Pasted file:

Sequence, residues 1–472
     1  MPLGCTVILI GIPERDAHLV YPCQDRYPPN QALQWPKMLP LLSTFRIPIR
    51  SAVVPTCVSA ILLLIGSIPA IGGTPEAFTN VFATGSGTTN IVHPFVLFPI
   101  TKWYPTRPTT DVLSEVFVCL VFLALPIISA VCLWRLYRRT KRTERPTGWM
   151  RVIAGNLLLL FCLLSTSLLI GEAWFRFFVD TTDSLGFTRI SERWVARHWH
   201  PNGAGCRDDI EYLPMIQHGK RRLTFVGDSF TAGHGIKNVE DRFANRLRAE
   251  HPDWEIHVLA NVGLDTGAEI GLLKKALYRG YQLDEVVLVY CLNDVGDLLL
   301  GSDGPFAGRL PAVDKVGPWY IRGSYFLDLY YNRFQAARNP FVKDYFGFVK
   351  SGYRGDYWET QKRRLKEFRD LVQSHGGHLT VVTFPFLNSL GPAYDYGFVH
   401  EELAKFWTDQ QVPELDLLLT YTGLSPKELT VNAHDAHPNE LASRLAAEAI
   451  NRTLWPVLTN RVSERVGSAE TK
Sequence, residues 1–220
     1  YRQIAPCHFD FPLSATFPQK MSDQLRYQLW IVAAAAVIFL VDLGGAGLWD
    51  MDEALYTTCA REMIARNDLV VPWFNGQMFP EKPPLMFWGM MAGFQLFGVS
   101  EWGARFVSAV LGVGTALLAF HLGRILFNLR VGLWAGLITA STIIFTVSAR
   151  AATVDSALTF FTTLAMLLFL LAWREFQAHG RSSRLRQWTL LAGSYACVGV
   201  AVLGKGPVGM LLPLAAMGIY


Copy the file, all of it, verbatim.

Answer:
Sequence, residues 1–472
     1  MPLGCTVILI GIPERDAHLV YPCQDRYPPN QALQWPKMLP LLSTFRIPIR
    51  SAVVPTCVSA ILLLIGSIPA IGGTPEAFTN VFATGSGTTN IVHPFVLFPI
   101  TKWYPTRPTT DVLSEVFVCL VFLALPIISA VCLWRLYRRT KRTERPTGWM
   151  RVIAGNLLLL FCLLSTSLLI GEAWFRFFVD TTDSLGFTRI SERWVARHWH
   201  PNGAGCRDDI EYLPMIQHGK RRLTFVGDSF TAGHGIKNVE DRFANRLRAE
   251  HPDWEIHVLA NVGLDTGAEI GLLKKALYRG YQLDEVVLVY CLNDVGDLLL
   301  GSDGPFAGRL PAVDKVGPWY IRGSYFLDLY YNRFQAARNP FVKDYFGFVK
   351  SGYRGDYWET QKRRLKEFRD LVQSHGGHLT VVTFPFLNSL GPAYDYGFVH
   401  EELAKFWTDQ QVPELDLLLT YTGLSPKELT VNAHDAHPNE LASRLAAEAI
   451  NRTLWPVLTN RVSERVGSAE TK
Sequence, residues 1–220
     1  YRQIAPCHFD FPLSATFPQK MSDQLRYQLW IVAAAAVIFL VDLGGAGLWD
    51  MDEALYTTCA REMIARNDLV VPWFNGQMFP EKPPLMFWGM MAGFQLFGVS
   101  EWGARFVSAV LGVGTALLAF HLGRILFNLR VGLWAGLITA STIIFTVSAR
   151  AATVDSALTF FTTLAMLLFL LAWREFQAHG RSSRLRQWTL LAGSYACVGV
   201  AVLGKGPVGM LLPLAAMGIY